Author Topic: Oak Cubes trouble shooting  (Read 2405 times)

Offline fulltun

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Oak Cubes trouble shooting
« on: October 04, 2010, 06:12:10 PM »
Hello All,

I have a small problem that I was hoping to get some help on.  I have a lovely DIPA in the secondary that I added American Medium roast oak chips to.  1oz to five gallons.  I messed up by preboiling the oak cubes and then adding them.  i realized this as i was doing it.  Somewhere in the back of my brain a neuron fired and said don't boil, but alas I went ahead.  So now it has way too much oakiness in the beer.  Is there anyway to reduce this?  Add more water?  Thank you for your help.

Prost, Randy

Offline tschmidlin

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Re: Oak Cubes trouble shooting
« Reply #1 on: October 04, 2010, 06:51:26 PM »
Actually, boiling will remove some of the oakiness so the beer is now less oaky than it would have otherwise been.  I know guys who cook their oak chips in a pressure cooker and then just add the liquid to the beer.

The key here is really contact time based on surface/volume ratio.  Because of the larger surface area of chips, they need to spend a lot less time in the beer than cubes would in the same volume of beer to impart the same amount of oakiness.  Similarly, a barrel has less surface area per volume, so you age in a barrel for longer.

Anyway, the best way to solve the problem is to blend it with another beer.  If it is extremely oaky then you might just add a little bit to a batch to get the oak level you want.  Experiment in a glass before you go blending it 50/50 with something, or you might end up with 10 gallons of beer that is too oaky.  You can brew another DIPA, an IPA, or PA to blend it with.  It could be really nice with an Imperial Stout too, or lots of other styles depending on how much you need to add to get the oak level you want.

Let us know how it works out.
Tom Schmidlin

Offline bluesman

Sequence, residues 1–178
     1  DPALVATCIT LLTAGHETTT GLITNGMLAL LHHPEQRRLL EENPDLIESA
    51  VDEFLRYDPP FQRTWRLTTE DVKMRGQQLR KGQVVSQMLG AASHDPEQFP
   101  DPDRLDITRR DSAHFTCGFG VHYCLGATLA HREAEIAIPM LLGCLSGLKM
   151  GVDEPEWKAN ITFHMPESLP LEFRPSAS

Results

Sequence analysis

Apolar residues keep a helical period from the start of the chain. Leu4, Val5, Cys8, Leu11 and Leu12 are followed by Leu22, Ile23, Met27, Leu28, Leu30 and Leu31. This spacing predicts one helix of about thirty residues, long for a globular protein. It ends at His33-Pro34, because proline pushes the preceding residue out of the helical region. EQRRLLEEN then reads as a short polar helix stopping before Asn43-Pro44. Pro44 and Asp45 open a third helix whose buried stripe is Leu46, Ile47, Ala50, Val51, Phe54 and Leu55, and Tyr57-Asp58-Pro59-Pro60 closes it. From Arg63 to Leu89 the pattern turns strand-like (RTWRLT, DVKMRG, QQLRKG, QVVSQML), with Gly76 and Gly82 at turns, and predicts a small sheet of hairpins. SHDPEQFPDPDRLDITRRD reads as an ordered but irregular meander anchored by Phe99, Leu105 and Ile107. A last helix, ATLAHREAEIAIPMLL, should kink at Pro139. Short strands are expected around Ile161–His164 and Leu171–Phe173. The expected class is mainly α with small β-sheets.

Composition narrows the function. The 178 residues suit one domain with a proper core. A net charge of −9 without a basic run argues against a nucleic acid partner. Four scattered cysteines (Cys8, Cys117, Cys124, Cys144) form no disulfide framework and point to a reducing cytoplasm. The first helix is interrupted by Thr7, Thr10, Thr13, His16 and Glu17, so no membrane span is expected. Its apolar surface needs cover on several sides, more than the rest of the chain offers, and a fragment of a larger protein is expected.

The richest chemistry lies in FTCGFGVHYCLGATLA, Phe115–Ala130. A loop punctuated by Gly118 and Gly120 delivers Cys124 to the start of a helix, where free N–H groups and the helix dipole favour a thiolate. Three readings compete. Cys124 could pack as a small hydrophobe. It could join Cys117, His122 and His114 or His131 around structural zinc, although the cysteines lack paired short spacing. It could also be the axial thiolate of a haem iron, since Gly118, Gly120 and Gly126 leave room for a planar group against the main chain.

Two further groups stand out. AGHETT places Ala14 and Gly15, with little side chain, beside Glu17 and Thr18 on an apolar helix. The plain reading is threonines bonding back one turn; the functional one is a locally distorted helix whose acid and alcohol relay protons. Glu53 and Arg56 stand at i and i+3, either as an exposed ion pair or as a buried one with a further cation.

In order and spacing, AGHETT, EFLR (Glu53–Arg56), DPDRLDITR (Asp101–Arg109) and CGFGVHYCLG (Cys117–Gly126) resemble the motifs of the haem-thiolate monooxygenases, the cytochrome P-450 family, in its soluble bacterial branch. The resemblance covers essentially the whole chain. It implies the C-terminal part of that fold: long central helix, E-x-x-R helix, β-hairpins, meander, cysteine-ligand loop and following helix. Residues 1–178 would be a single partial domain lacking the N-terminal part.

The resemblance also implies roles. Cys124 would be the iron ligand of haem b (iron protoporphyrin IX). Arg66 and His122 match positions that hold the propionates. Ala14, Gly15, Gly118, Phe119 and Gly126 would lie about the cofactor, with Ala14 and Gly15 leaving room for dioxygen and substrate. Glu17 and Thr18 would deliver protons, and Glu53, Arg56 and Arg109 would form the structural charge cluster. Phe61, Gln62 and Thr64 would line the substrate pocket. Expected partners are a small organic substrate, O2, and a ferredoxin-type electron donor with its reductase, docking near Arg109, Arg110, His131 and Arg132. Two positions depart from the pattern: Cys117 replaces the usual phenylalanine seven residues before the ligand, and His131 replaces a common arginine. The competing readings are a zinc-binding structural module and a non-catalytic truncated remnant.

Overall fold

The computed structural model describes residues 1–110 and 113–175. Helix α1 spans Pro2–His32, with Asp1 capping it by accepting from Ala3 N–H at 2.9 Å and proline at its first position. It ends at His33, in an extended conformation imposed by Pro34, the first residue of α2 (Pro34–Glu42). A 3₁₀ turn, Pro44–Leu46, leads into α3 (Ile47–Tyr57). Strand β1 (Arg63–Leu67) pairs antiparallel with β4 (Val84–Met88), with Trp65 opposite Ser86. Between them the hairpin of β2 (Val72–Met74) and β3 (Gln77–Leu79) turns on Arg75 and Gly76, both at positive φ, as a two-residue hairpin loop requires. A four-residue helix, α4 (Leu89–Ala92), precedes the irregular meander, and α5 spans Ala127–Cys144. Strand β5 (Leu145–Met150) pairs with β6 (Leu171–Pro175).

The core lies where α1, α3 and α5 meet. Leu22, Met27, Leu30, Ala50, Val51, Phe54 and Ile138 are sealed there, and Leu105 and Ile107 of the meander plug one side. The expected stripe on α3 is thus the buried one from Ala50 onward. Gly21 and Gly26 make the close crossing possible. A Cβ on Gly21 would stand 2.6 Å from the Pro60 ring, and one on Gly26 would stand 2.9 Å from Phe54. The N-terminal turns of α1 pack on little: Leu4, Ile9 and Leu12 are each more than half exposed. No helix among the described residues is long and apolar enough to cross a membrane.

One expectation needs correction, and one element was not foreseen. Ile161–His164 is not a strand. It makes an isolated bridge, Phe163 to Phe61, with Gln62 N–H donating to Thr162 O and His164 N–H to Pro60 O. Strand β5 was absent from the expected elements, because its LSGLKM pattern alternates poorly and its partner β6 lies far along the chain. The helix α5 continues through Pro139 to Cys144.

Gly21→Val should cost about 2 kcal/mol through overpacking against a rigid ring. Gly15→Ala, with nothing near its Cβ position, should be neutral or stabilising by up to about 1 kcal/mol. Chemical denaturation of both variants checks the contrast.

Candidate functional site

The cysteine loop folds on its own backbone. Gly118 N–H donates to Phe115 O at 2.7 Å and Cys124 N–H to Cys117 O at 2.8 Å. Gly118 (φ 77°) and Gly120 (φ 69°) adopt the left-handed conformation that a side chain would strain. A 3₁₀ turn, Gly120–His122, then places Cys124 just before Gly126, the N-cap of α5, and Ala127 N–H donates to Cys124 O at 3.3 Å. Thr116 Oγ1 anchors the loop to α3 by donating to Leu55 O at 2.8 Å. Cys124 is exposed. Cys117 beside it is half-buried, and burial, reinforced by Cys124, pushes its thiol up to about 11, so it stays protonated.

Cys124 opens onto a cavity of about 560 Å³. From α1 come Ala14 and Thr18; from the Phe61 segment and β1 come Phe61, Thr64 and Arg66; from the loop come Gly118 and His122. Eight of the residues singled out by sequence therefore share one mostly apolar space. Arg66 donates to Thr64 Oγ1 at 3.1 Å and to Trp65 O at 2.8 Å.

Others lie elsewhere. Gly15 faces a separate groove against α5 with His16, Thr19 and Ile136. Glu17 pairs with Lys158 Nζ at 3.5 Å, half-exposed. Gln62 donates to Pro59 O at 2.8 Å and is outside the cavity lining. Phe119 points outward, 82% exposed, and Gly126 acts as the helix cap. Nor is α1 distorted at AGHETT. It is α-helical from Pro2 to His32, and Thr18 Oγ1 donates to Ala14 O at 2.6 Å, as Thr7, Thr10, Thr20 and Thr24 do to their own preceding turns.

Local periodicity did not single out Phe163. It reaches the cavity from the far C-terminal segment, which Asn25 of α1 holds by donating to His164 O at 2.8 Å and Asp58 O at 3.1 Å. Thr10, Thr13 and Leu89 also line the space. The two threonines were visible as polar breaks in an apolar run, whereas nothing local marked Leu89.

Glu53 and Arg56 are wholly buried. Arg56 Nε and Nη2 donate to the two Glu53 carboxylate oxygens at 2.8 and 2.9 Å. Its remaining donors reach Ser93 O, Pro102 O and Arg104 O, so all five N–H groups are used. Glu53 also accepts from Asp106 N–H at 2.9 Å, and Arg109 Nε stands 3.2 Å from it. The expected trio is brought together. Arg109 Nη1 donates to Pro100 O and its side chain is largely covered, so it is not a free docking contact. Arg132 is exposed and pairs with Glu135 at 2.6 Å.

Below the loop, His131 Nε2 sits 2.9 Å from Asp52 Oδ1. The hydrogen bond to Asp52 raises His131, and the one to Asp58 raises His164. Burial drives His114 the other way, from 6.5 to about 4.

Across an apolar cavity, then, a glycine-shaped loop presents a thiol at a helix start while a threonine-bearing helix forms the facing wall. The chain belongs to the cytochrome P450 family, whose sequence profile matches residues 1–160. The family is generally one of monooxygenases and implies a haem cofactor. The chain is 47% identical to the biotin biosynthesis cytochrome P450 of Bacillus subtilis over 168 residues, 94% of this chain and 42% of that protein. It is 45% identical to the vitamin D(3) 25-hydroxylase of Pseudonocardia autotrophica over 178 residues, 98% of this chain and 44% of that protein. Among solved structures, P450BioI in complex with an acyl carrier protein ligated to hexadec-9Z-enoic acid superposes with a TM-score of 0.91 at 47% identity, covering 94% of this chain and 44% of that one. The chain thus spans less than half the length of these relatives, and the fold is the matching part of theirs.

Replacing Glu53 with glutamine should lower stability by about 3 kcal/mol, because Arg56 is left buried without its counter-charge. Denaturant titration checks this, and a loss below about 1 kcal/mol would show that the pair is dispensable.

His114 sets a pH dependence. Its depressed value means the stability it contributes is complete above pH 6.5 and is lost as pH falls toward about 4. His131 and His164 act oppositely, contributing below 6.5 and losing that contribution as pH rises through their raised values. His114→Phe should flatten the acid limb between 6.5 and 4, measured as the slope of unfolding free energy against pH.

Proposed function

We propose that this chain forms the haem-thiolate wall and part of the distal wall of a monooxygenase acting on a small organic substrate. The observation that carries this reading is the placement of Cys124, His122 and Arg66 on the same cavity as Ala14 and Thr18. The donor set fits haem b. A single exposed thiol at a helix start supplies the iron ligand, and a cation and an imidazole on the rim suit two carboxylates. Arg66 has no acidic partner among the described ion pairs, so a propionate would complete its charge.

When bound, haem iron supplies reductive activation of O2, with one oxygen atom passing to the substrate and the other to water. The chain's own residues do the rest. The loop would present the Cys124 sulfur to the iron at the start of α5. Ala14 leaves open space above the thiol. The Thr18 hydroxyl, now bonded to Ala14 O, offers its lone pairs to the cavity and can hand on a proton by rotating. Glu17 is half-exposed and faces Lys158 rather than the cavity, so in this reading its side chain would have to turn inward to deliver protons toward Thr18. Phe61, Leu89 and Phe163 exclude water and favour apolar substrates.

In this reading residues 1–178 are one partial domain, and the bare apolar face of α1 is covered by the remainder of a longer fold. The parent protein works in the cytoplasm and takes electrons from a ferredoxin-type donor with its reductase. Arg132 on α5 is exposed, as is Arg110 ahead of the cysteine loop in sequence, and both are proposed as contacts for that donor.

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Re: Oak Cubes trouble shooting
« Reply #2 on: October 04, 2010, 06:55:58 PM »

Anyway, the best way to solve the problem is to blend it with another beer.  If it is extremely oaky then you might just add a little bit to a batch to get the oak level you want.  Experiment in a glass before you go blending it 50/50 with something, or you might end up with 10 gallons of beer that is too oaky.  You can brew another DIPA, an IPA, or PA to blend it with.  It could be really nice with an Imperial Stout too, or lots of other styles depending on how much you need to add to get the oak level you want.

Let us know how it works out.

+1

Some of the oakiness will fade with time but I would blend a non-oaked beer with it to the level of your liking.
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Offline redbeerman

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Re: Oak Cubes trouble shooting
« Reply #3 on: October 05, 2010, 07:20:55 AM »

Anyway, the best way to solve the problem is to blend it with another beer.  If it is extremely oaky then you might just add a little bit to a batch to get the oak level you want.  Experiment in a glass before you go blending it 50/50 with something, or you might end up with 10 gallons of beer that is too oaky.  You can brew another DIPA, an IPA, or PA to blend it with.  It could be really nice with an Imperial Stout too, or lots of other styles depending on how much you need to add to get the oak level you want.

Let us know how it works out.

+1

Some of the oakiness will fade with time but I would blend a non-oaked beer with it to the level of your liking.

I would avoid using American oak next time, or use it sparingly.  It is much stronger than a French or Hungarian oak (oakier?).
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Offline wingnut

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Re: Oak Cubes trouble shooting
« Reply #4 on: October 06, 2010, 05:21:57 AM »
If you want to learn more about wood then you ever wanted... The Brewing Network did show on Oak a few years back that really had a ton of information.  Not just on using Oak in different points in the brewing process, but information on toast levels, differences between American/French/Hungarian, when to use chips/cubes and what all of those things provide to the finished product.  There was also a lot of information about using wine yeast that was interesting. 

http://thebrewingnetwork.com/shows/The-Sunday-Session/The-Sunday-Session-11-23-08-Shea-Comfort

The show is pretty information dense, and long, so I have found myself listening to it three times so far and usually pick up something that I did not the last time I listened.

Good luck!
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Offline 1vertical

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Re: Oak Cubes trouble shooting
« Reply #5 on: October 06, 2010, 11:52:34 AM »
Wow thanx wingnut  :o
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Offline fulltun

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Re: Oak Cubes trouble shooting
« Reply #6 on: October 08, 2010, 04:26:55 PM »
Thank you for all the help.  Lots of good info here to help me out.